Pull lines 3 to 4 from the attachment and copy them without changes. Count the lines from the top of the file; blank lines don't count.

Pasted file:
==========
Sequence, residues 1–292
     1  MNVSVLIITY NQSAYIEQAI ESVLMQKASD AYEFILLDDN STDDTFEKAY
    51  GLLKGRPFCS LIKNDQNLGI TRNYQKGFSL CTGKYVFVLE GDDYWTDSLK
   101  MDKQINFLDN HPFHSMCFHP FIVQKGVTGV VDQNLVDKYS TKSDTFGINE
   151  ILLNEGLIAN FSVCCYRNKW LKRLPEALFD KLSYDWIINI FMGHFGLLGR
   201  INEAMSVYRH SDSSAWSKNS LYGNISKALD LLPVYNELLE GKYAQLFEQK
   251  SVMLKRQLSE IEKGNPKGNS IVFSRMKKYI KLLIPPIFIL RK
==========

    51  GLLKGRPFCS LIKNDQNLGI TRNYQKGFSL CTGKYVFVLE GDDYWTDSLK
   101  MDKQINFLDN HPFHSMCFHP FIVQKGVTGV VDQNLVDKYS TKSDTFGINE